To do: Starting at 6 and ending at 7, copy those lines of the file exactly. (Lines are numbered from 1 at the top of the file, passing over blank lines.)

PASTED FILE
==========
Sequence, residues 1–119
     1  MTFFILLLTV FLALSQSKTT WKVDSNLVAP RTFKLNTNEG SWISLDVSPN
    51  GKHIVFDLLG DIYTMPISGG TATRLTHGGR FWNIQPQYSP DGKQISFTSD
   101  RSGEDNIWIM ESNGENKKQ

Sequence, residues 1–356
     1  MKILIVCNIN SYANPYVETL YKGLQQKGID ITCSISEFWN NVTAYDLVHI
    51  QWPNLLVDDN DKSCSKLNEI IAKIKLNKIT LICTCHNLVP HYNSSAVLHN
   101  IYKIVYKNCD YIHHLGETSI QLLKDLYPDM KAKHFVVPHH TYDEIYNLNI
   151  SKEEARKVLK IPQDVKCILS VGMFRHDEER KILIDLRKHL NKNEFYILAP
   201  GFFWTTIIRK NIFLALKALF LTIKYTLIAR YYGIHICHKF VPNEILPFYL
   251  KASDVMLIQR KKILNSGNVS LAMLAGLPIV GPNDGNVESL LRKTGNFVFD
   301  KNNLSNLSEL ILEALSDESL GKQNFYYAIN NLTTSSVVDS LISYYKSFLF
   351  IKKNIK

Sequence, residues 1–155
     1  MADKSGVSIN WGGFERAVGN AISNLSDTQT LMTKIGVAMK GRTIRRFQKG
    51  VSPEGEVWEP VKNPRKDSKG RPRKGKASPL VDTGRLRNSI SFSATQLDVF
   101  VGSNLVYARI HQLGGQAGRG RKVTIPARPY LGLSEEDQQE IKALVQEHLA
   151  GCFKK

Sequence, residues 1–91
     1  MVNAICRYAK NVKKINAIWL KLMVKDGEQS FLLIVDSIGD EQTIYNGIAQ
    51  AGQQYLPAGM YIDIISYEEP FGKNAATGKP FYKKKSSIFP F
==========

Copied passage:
     1  MKILIVCNIN SYANPYVETL YKGLQQKGID ITCSISEFWN NVTAYDLVHI
    51  QWPNLLVDDN DKSCSKLNEI IAKIKLNKIT LICTCHNLVP HYNSSAVLHN